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Saving private banks

  • Published at 01:11 am April 16th, 2018
  • Last updated at 09:10 am April 16th, 2018
Saving private banks
The governmental policy support given to the private commercial banks facing a liquidity crunch was a mere temporary solution to the crisis, as those involved in the sector (owners and bankers) have to adopt a sustainable plan in order to avoid such problems in the future. Economists, bankers, experts, and policymakers say the government has given all-out support to save the sector, and that now those concerned with the sector need to work for its revival by making the best use of government policies. Private banks in Bangladesh have been facing a severe liquidity crisis since the beginning of this year, which is affecting the country’s businesses. Due to the crisis, interest rates on bank loans went above 10%, affecting the country’s industrial growth by making it more difficult to take a loan. Following the crisis, the central bank and the government have come up with a series of bailout policies to save private banks.
In one sense, the decisions would put public money at a greater risk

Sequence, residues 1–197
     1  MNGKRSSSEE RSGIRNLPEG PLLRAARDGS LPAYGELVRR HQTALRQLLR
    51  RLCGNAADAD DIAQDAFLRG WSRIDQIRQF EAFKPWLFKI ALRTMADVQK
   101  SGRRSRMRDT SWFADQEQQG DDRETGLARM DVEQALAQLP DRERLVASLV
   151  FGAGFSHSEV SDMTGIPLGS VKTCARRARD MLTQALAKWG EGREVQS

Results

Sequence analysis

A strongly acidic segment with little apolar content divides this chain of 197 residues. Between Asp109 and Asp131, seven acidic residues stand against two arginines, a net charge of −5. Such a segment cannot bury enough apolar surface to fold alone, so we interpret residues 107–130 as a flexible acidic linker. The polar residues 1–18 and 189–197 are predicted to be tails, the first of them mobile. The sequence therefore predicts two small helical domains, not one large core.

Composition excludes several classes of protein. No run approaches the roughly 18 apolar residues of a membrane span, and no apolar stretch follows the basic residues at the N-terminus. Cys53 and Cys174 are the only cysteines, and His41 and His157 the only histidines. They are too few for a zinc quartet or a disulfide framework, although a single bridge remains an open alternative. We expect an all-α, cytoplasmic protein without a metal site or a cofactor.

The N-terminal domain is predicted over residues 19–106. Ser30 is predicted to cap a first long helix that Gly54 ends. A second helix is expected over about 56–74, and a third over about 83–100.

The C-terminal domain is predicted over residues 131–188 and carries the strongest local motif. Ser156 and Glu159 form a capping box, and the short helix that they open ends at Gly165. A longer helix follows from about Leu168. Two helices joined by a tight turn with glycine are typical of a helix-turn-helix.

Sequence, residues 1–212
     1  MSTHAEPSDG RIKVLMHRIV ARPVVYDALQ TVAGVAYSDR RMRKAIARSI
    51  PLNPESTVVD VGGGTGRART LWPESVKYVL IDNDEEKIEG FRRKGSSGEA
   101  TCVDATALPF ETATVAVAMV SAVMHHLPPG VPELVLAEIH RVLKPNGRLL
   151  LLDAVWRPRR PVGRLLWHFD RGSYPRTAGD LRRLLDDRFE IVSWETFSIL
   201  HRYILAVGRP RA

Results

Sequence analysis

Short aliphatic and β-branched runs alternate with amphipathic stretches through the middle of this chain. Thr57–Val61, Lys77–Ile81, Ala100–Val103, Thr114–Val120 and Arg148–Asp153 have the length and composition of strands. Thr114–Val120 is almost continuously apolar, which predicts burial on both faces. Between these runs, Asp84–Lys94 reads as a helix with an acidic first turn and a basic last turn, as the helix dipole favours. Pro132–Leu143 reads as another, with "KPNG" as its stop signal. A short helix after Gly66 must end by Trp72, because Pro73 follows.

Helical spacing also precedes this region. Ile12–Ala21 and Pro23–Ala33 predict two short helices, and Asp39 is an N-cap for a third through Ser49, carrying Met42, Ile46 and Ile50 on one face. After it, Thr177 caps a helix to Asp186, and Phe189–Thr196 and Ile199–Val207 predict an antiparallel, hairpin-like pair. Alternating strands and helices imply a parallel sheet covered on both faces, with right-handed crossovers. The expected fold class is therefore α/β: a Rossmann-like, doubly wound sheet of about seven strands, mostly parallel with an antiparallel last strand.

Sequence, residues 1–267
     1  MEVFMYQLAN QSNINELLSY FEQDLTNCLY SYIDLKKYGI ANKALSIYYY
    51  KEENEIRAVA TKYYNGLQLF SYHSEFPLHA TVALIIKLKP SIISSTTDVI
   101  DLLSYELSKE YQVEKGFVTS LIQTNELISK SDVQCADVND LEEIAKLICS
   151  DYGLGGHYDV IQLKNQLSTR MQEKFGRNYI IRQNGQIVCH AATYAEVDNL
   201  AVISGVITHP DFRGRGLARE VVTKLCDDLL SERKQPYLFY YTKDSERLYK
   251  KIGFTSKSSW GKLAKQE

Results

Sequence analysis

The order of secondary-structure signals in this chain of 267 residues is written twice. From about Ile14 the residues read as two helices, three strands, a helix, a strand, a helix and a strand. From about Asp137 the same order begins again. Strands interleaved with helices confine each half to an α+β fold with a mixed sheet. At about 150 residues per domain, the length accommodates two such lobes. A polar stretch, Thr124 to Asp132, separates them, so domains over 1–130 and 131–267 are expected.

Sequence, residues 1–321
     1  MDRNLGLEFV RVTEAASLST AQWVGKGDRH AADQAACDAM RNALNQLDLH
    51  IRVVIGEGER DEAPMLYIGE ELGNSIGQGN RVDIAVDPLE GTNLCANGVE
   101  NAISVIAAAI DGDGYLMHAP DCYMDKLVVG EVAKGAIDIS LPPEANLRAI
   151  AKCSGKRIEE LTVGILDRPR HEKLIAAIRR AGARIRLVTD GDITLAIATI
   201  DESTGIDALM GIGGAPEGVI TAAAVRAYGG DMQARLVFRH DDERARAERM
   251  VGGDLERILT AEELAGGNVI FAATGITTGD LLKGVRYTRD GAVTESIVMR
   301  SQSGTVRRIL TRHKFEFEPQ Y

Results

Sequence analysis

The policies include reducing the cash reserve requirement (CRR) by one percentage point to 5.5% from 6.5%, reducing the repo rate by 0.75% points to 6% from 6.75% aiming to make funds cheaper for all commercial banks, making deposits of 50% of the funds of state-owned agencies in private banks mandatory up from of 25%, and extending the deadline for adjusting the new advance-deposit ratio (ADR) to below 83.50% from the existing ceiling of 85% for conventional private banks and 89% from 90% for Islamic banks, till March 31, 2019. According to banking experts, private banks would receive an influx of Tk80,000 crore due to government policies with the purpose of stabilizing liquidity. While experts and economists criticized the government’s initiatives, saying the decisions would endanger the money of the depositors, policymakers claim there is no other way to save the banks. A secretary of a division of the Ministry of Finance, seeking anonymity, said: “It is easy to criticize, but we have no other way to save these banks. If we had not taken the decision, these private banks would have inevitably collapsed, which would have pushed the whole banking sector into a slump and caused the country’s economy to be hamstrung. “However, these policies are for the short term, and the banks will have to be fully revived through their own capacity,” he added. Former Bangladesh Bank Governor Dr Atiur Rahman told the Dhaka Tribune: “Private banks are going to receive a large amount of liquidity following the implementation of government policies. These banks should have to invest money in farmers, women and SME entrepreneurs to be benefited greatly from these decisions.” After taking these steps, Finance Minister AMA Muhith said: “Interest rates in the banking sector will fall to single digit numbers within one month.” Former adviser to the caretaker government Dr AB Mirza Azizul Islam said the government initiatives have both positive and negative impacts. “In one sense, the decisions would put public money at a greater risk, but there is a scope for banks to cut lending rates as their liquidity crises will be eliminated by government initiatives,” he said. However, he asked banks to increase their deposit collection to avoid further liquidity crises. “The central bank has to make its monitoring process stricter to prevent financial crimes in the banking sector and ensure good governance. These will help improve the situation,” added Mirza Azizul Islam. Former chairman of the Association of Bankers, Bangladesh (ABB), and Managing Director and CEO of Mutual Trust Bank Ltd (MTB) Anis A Khan told the Dhaka Tribune: “There is no actual liquidity shortage in the banking sector. This situation is due to a distributional problem. The steps taken by the government will help us in getting out of the predicament.” He said: “Private banks support more than 85% of the country’s businesses in terms of lending while government organizations deposit their money in state-owned banks. Until recently we were getting only 25% of their deposits. “The government’s decision to make it mandatory to deposit 50% of the funds of state-owned agencies into private banks would make them financially healthy,” said Anis A Khan. The MTB CEO also said: “State-owned banks support inter-bank lending to private banks. The limit for this amount needs to be raised.” When asked what state-owned banks could do for private banks, the Managing Director of Rupali Bank Md Ataur Rahman Prodhan told the Dhaka Tribune: “We are lending enough to private banks. The decision of depositing 50% of our funds in private banks would put pressure on our funds. How can we lend anymore?” He also said: “State-owned banks have to perform various government functions, and now we will have to be even more competitive in collecting deposits as this new policy puts pressure on our funds.” “We are regularly investing in various government projects. We cannot lend money to private banks simultaneously,” said Prodhan. He did, however, express the hope that the new policies would be helpful in mitigating the liquidity crisis at private banks.